Japan’s outgoing finance minister, Taro Aso, said that he had proposed lowering the central bank’s 2% inflation target. This is when the prices took a hit from plunging oil prices. He was the finance minister for nearly nine years. The slump in oil price was among the main reasons the government could not officially declare an end to deflation. In his final news conference as finance minister, Aso said that he proposed to Governor Kuroda that, with oil prices falling this much, it would be hard to achieve 2% inflation. Hence, the target must be lowered at some point. He stated this by referring to Bank of Japan (BOJ) chief Haruhiko Kuroda.

Aso also said that the governor said he would do his best to achieve the target. This is stated by adding that policymakers must scrutinise at some point, why the BOJ’s inflation target of 2% has not been met. The remarks highlight how the government and lawmakers distanced themselves from the BOJ’s target years ago, despite central bank reassurances that achieving the target was possible by maintaining or increasing stimulus.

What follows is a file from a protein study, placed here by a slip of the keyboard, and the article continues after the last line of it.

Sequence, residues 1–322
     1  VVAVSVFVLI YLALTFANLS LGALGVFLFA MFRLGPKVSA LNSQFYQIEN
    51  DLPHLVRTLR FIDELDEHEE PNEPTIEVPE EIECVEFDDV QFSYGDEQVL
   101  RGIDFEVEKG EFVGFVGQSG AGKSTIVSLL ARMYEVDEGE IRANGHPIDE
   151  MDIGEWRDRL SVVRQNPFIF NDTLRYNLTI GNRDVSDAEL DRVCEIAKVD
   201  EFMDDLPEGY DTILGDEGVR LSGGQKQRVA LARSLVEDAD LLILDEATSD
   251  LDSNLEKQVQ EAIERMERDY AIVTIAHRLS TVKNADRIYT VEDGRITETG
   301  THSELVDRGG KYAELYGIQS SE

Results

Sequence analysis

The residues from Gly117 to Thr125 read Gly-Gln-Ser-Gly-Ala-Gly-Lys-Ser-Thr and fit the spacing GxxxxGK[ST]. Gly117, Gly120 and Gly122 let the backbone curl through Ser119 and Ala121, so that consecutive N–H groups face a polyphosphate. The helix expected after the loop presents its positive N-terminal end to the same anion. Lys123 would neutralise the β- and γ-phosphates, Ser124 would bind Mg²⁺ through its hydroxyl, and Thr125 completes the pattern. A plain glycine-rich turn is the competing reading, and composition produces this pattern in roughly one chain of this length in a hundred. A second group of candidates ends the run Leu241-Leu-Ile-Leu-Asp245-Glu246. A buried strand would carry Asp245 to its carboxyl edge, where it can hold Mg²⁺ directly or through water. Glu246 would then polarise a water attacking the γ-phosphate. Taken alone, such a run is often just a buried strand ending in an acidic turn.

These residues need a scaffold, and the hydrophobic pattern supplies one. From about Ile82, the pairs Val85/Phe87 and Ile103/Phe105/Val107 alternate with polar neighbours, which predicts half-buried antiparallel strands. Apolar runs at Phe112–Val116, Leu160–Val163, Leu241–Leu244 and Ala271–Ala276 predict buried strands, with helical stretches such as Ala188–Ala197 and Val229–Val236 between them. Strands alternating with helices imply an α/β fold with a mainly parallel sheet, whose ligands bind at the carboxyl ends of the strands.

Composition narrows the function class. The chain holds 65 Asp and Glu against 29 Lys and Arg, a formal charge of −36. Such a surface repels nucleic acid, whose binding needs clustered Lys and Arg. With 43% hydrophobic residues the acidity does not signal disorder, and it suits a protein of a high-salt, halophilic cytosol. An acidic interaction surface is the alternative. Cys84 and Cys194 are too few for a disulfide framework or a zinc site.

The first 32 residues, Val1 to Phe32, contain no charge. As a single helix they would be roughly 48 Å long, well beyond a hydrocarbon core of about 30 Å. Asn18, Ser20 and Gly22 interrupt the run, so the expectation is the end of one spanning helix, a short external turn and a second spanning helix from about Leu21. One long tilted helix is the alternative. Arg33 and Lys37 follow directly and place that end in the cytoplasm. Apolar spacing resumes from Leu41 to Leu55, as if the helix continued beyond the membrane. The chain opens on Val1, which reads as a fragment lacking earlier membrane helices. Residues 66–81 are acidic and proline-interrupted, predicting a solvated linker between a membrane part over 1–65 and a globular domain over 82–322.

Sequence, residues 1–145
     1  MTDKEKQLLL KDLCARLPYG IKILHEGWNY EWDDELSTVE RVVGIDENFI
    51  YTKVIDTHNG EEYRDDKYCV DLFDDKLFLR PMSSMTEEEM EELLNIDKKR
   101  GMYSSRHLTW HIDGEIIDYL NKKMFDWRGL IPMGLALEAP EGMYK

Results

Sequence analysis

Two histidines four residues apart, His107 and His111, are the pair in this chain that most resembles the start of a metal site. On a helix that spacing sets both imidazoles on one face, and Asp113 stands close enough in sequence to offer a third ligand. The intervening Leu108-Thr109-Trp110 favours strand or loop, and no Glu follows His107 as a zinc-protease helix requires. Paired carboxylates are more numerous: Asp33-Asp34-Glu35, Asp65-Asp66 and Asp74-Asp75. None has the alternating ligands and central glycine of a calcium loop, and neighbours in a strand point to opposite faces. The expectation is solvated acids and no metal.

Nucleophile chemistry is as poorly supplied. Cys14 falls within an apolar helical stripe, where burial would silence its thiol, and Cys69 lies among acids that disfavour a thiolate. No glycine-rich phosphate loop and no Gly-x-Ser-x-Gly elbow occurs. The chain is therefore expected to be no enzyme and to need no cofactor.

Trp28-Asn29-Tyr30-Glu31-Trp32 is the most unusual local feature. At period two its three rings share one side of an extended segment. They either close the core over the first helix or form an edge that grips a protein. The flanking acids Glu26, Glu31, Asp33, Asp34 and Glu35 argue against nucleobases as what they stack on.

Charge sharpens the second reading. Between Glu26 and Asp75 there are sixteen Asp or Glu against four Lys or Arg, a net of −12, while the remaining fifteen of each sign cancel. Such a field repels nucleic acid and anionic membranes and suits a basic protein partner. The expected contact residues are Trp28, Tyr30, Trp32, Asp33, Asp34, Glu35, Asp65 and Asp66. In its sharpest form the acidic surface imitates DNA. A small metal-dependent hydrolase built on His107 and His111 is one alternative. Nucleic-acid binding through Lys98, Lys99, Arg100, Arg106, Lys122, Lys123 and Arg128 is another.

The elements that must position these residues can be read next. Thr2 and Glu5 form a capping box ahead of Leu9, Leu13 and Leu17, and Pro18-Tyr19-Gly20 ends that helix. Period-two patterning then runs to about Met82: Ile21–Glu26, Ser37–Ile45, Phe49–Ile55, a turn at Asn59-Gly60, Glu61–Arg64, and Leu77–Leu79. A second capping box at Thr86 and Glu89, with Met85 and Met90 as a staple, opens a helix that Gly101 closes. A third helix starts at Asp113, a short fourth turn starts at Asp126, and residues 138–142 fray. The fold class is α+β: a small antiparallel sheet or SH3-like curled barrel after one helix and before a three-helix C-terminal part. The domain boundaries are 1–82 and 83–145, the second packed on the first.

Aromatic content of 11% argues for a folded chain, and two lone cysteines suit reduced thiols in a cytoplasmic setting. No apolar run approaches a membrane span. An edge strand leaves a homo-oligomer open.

Aso was deeply involved in negotiations with the BOJ. After Kuroda took over as governor, he deployed a massive asset-buying program. This is for pulling Japan out of deflation. Aso supported the BOJ’s stimulus efforts. He is a member of the cabinet. And also, had raised many doubts that monetary policy alone can reflate the economy out of the doldrums. New Prime Minister Fumio Kishida is set to form a cabinet.

Continue Reading

Trending